Management: So, there is a little margin pressure, we do not deny that. So, there is a probability of a further price increase in the quarter.
Keyur Pandya: But the general story of premiumization in paints, that is the case with most of the products in India. So, this deteriorating in the mix is a short-term aberration or how do you see that?
Management: So, the premiumization continues, We tried to indicate that the growth rate of premiumization remains the same. But there is one chunk of the market that has grown a little faster. So, if you would see the average growth rate over the last so many quarters has not been consistently 11% - 12%, it has been a little lower. This higher growth rate is probably because of the higher growth of distempers and putties.
Keyur Pandya: And that may continue for some time? That is what my point is.
Management: We hope so.
Keyur Pandya: Which would in turn impact our margins, right?
Management: No, nothing to do with the margins. If we sell more on something we make a profit, our profit goes up; We look at absolute margins more than anything else.
Moderator: Thank you. Our next question is from the line of Pratik Poddar from Narnolia Financial Advisors. Please go ahead.
Pratik Poddar: Actually, I wanted to ask the rise in short-term debt in the consolidated books is due to the rupee depreciation, right?
Management: This is probably happening only at our international holding co level where we are using certain additional borrowings to fund the operations in Indonesia
Pratik Poddar: In which region?
Pratik Poddar: Another question that I have, if I look at the half yearly balance sheet it appears that you have already invested Rs. 900 crores approximately in the Capex. So, on a full year basis you had given a guidance of Rs. 1,200 crores on a consolidated basis. So, are we going to spend remaining 300 or it would increase going ahead?
Management: No, we will be within the stated Capex range.
Pratik Poddar: One last question, just to understand the other expenses better here. So, other expenses were a little bit higher due to stickering, logistics or overheads from the new plant, which would be the component which is affecting it the most?
Management: It is largely because of the inflation that we have seen in the logistic cost versus Q1, stickering cost, yes, there is a bit of it, but largely it is the logistic cost.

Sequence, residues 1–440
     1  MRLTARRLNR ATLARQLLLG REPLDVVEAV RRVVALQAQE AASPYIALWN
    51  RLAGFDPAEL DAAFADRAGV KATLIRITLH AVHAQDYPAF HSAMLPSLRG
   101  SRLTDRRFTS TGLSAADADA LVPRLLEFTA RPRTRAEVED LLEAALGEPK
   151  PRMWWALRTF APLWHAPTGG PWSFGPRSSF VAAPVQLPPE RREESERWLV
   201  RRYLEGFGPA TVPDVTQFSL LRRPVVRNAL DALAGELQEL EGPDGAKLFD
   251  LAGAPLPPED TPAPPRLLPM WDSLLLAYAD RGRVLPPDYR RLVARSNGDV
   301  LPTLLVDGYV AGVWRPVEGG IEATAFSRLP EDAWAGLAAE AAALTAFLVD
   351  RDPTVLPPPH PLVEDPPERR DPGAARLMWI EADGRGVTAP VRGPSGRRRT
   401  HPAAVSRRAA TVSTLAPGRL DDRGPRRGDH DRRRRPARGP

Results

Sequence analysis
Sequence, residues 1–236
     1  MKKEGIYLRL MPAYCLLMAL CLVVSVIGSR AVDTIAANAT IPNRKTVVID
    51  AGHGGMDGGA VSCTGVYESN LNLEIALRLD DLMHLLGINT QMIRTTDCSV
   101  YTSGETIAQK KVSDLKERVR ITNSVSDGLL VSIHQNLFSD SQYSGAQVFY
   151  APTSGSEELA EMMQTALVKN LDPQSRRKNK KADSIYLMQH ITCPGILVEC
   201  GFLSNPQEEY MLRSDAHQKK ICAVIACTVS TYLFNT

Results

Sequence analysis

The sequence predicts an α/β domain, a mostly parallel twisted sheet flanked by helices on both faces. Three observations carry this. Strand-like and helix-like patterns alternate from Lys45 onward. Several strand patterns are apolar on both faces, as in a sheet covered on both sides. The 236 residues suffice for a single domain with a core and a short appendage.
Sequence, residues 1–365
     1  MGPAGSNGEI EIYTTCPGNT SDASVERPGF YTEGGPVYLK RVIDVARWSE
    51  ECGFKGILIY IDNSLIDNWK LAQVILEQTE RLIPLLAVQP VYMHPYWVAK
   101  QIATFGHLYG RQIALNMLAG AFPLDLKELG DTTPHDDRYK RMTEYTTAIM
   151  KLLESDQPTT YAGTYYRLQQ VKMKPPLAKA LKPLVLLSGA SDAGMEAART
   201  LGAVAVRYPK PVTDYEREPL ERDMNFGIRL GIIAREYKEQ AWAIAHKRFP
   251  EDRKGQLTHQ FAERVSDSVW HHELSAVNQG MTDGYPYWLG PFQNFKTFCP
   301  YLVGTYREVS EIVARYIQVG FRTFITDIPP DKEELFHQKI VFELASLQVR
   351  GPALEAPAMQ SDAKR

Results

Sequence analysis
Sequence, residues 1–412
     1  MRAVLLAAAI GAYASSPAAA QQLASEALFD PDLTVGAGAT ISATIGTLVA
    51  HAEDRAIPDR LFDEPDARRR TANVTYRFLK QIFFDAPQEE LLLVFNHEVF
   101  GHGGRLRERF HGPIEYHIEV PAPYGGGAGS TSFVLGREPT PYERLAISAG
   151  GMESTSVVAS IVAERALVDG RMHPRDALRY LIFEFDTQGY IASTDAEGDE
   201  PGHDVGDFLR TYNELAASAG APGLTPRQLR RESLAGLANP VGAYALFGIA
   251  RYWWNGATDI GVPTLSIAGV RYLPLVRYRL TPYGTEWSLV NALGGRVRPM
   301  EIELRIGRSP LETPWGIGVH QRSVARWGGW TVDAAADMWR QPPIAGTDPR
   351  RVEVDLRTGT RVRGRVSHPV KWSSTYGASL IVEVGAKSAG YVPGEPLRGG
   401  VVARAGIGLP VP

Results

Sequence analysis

Moderator: Thank you. Our next question is from the line of Chinmay Gandre from Future Generali. Please go ahead.
Chinmay Gandre: Sir, just a broad estimate in terms of the rebate that we gave to the dealers because of the change in GST rate. Could it be in the range of Rs. 60 crores - Rs. 70 crores for the quarter?
Management: No, much lower.
Moderator: Thank you. Our next question is from the line of Tejas Shah from Spark Capital. Please go ahead.
Tejas Shah: Sir, just one follow-up. Sir, one of the sector peers indicated yesterday that there was some de-stocking pertaining to GST in the month of July. So, did we also experience that kind of de-stocking at dealer level?
Management: No, as indicated we had given a rebate; dealers did not want to stop material that had the old MRP because it would complicate their operations. So, we took the counter measure of incentivizing dealers to pickup stock with the old stickering. So, they lifted material. So, we probably saw higher stocking in July.
Moderator: Thank you. Our next question is from the line of Jaimin Shah from RWC Partners. Please go ahead.
Jaimin Shah: I am just trying to understand on the price increases, when you said that you plan this 2.3% increase in August, which was finally taken in October and then you had kind of rupee depreciation in crude. I am also trying to understand here, what is your margin thought process behind it, because coming from 2016, 2017 and 2018 we had these peak margins when I look at the longer term trend. So, are we thinking about margins in these last three years to kind of maintain around these levels or are we kind of going back to the longer term trend of 19% - 20%?
Management: 18% - 20% we are okay. We do not normally change pricing month-to-month and nor do we operate at that level. In a deflationary scenario which we saw two years earlier, margins suddenly increased because raw material prices are falling. And in inflationary scenario, it is the reverse. So, we want to balance the count. I think we are okay at 19% - 20% margin.
Jaimin Shah: So, these price hikes kind of keep you in that 19% - 20% range, not necessarily the peak margins that we have seen in last couple of years?
Moderator: Thank you. Ladies & gentlemen, as there are no further questions from the participants, I would now like to hand the conference over to the management for closing comments.
Management: Thank you very much, for participating in our conference. See you next quarter.Moderator: Thank you very much, sir. Ladies & gentlemen, on behalf of Asian Paints, that concludes this conference. Thank you for joining us. You may now disconnect your lines.